Case filings and "Reform"
In an incredible display of audacity, the Chamber of Commerce continued its war on victims' rights by asking the legislature for additional legal reforms in Michigan. It falsely claimed that "forty percent fees" are "often" charged by attorneys, even though attorneys in Michigan are limited by law to charging a maximum one-third fee in contingent fee cases. The Michigan Chamber must have been too lazy to investigate and simply dropped this line from the Chamber's national lobbying campaign into the Michigan literature.
The Chamber suggested that Michigan needs contingent fee reform to protect Michigan from "frivolous cases" without documenting that frivolous cases are occurring or explaining why a limit on fees in meritorious cases would have an impact on the filing of frivolous cases. Clearly, the Chamber has become so brazen that it no longer believes itself subject to normal rules of reasoned discourse or logic. The Chamber also asked for "additional sanctions" for pursuing frivolous claims, but failed to mention that Michigan currently has one statute, three Court Rules and one rule of Professional Ethics which all ban and punish frivolous claims and which can lead to payment of costs, sanctions and fees by lawyers or litigants or to discipline by the courts or the State Bar.
The Chamber suggests that too many cases are being filed, without citing the actual numbers. Even a glance at the actual numbers will demonstrate that Michigan's role in the Chamber's national campaign is absurd and incredibly cynical. For example, while there were 1,925 medical malpractice filings in MIchigan in 1983, and 3,629 in 1986 as legislative reforms were being implemented, only 931 cases were filed in Michigan in 2006. Michigan has averaged fewer than 100 malpractice trials per year for the years 2002 through 2006, and Michigan ranks in the bottom eight to 14 states nationally, for the median payout on malpractice claims. In the year 2000, for example, insurers paid compensation on only 300 malpractice cases in Michigan, total.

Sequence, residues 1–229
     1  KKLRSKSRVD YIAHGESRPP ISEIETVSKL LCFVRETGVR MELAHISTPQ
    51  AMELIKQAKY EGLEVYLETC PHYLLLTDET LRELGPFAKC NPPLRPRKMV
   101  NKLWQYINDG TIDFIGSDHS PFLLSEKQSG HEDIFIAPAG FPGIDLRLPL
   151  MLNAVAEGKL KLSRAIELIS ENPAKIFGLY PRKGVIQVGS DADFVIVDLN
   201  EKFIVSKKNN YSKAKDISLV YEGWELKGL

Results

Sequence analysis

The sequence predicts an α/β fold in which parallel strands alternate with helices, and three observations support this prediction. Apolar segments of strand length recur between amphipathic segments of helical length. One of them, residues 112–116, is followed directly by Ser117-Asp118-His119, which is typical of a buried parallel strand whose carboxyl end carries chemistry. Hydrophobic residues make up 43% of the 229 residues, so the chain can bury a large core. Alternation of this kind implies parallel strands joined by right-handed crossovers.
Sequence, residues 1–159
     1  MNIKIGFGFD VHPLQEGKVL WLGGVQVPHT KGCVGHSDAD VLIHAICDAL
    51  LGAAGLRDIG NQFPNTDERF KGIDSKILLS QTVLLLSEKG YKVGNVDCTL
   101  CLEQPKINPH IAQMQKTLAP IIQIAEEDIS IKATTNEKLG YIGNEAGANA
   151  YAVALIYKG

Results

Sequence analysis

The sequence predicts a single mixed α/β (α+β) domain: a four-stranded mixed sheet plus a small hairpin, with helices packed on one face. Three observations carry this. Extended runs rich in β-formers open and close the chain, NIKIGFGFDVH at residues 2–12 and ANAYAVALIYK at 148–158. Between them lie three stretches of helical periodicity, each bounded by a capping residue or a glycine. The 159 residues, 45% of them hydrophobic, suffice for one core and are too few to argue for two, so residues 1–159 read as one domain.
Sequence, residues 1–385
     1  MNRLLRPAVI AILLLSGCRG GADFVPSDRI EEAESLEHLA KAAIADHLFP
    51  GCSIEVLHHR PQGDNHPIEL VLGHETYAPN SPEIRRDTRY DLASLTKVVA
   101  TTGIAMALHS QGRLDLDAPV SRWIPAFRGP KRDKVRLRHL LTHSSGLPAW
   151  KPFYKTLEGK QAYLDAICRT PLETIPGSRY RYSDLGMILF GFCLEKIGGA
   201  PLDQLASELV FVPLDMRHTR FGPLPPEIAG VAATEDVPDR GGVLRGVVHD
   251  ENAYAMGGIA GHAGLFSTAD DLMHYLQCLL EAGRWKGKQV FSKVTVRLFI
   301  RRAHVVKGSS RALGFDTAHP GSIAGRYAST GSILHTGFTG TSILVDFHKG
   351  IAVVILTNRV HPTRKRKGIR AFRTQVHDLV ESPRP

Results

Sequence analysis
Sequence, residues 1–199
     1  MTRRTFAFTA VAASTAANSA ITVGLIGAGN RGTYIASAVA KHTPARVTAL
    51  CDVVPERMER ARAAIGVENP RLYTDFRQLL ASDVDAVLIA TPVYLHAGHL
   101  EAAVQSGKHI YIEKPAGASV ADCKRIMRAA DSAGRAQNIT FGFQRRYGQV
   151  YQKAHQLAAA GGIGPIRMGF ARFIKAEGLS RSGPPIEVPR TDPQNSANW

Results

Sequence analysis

While the population of doctors and patients has increased substantially during this twenty years, the number of filings has been reduced by at least fifty percent, and compared with 1986 by 75 percent. By any measure, if filings are down from 3600 to 900, the number of "frivolous filings" is no longer a problem--if it ever was. (See Michigan Lawyers Weekly, June 25, 2007 21 Mich L.W. 940, pp. 1, 32) These arguments have become so brazen and so detached from reality that the Michigan Defense Trial Counsel organization has joined the State Bar in repudiating the Chamber's claims. When the organization that is directly compensated for representing your interests no longer supports your arguments, it should be an indication that you are departing from reality. As both of these organizations explained, the Chambers claims are entirely divorced from the actual practice of law in Michigan and are clearly politically oriented: we already have a form of "loser pays" which the Chamber is apparently unaware of; we already have two mandatory forms of settlement-inducement procedure which the Chamber ignores; there are no frivolous claims any longer; and by the Chamber's own numbers, only 19 percent of the total recovery is normally paid to Michigan lawyers--not the "forty percent" it hypes.
The Lawyers Weekly also made another interesting observation. It noted that while medical malpractice reform was touted as a means of bringing physicians to Michigan, in fact, as the number of claims has come down, the increase in the number of doctors practicing in Michigan has trended downward over the two decades of "reform". In fact, liability is only one small factor in physicians' choice of geographic location--and for the past ten years physicans have increasingly gone elsewhere despite Michigan's relatively attractive liability climate.
By the way, even the Chamber had to admit that reducing the number of malpractice claims by between fifty and seventy-five percent didn't reduce malpractice premiums: it claimed that as a result, premiums "stabilized". One wonders by what percentage we would have to reduce lawsuits for the insureds to reap an actual savings in liability premiums if 75 percent wasn't enough?
In truth, this is simply a cynical effort to trash what was the best and most consumer-oriented legal system in the world. By making scapegoats of lawyers and courts, the Chamber can continue to assure high corporate profits. Compare these statistics with the recently released record Michigan insurance profits discussed elsewhere in our weblog.